The efficiency-equity trade-off, self-interest, and moral principles in health and safety valuation

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The efficiency-equity trade-off, self-interest, and moral principles in health and safety valuation. / Arroyos Calvera, Danae; Covey, Judith; Loomes, Graham; McDonald, Rebecca.

In: Social Science and Medicine, Vol. 238, 112477, 10.2019.

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@article{5b4a67eee18740b5aaaf6a6557b757e6,
title = "The efficiency-equity trade-off, self-interest, and moral principles in health and safety valuation",
abstract = "Policy makers try to take account of public preferences when making trade-offs between policy options. Yet most estimates of the value of health and safety reflect only individuals{\textquoteright} self-interested preferences, neglecting their preferences over the distribution of public resources. We conduct an experiment in which participants choose between policy options that differ in their efficiency (expected number of fatalities or cases of ill health they would prevent) and their equity (defined in terms of the balance of risk reductions for different sections of the population). The policy options were framed as interventions to improve a hypothetical city{\textquoteright}s water supply that would reduce the risk of death or ill health for people in different areas of the city to varying degrees. In order to examine whether self-interest would affect the trade-offs, we asked half of the sample about scenarios where they would personally benefit from some options. Our results suggest that efficiency is the most important single factor determining preferences between policy options, but decisions were influenced almost as much by equity as by efficiency. The effect of self-interest was smaller than that of the general concern for efficiency. We also elicited participants{\textquoteright} stated moral principles regarding trade-offs between equity, efficiency and self-interest, and found that their expressed principles were well-aligned with their choices. Our findings contribute to the growing evidence that distributional concerns matter when evaluating health interventions.",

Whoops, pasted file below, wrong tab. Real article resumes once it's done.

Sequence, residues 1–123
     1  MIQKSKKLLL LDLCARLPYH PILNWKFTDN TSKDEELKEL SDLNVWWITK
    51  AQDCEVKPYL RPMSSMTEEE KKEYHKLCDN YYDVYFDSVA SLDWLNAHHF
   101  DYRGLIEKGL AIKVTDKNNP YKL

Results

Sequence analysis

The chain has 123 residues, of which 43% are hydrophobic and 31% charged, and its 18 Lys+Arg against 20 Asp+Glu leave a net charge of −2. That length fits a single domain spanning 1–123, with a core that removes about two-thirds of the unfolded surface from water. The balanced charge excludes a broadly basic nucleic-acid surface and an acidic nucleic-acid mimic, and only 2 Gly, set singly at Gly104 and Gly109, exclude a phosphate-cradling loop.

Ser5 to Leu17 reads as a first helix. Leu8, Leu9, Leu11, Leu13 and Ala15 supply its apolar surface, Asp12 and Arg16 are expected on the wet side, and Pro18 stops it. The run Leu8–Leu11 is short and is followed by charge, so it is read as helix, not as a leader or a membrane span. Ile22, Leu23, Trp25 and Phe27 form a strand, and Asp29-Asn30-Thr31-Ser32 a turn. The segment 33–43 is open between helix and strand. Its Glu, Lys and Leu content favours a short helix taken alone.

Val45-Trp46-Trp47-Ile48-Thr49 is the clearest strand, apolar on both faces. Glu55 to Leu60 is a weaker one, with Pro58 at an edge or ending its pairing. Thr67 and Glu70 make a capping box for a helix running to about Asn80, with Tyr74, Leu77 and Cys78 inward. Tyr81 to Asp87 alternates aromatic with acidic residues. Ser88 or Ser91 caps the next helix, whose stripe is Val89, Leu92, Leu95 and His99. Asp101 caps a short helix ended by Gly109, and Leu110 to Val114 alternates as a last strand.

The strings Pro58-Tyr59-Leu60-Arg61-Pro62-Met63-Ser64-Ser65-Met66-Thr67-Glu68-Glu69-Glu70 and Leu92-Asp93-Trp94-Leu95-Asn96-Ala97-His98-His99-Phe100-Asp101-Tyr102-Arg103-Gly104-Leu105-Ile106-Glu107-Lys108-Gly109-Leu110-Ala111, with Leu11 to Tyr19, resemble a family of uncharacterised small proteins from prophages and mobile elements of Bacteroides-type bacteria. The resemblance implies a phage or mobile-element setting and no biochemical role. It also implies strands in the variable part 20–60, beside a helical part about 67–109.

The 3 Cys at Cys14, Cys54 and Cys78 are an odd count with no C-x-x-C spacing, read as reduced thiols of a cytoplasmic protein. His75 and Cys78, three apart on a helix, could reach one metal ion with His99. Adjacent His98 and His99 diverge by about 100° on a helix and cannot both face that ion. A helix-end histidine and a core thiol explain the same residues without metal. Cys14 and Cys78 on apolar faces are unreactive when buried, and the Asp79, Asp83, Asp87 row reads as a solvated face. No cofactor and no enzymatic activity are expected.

keywords = "efficiency, equity, self-interest, moral principles",
author = "{Arroyos Calvera}, Danae and Judith Covey and Graham Loomes and Rebecca McDonald",
year = "2019",
month = oct,
doi = "10.1016/j.socscimed.2019.112477",
language = "English",
volume = "238",
journal = "Social Science and Medicine",
issn = "0277-9536",
publisher = "Reed-Elsevier (India) Private Limited",

}

RIS

TY - JOUR

T1 - The efficiency-equity trade-off, self-interest, and moral principles in health and safety valuation

AU - Arroyos Calvera, Danae

AU - Covey, Judith

AU - Loomes, Graham

AU - McDonald, Rebecca

PY - 2019/10

Y1 - 2019/10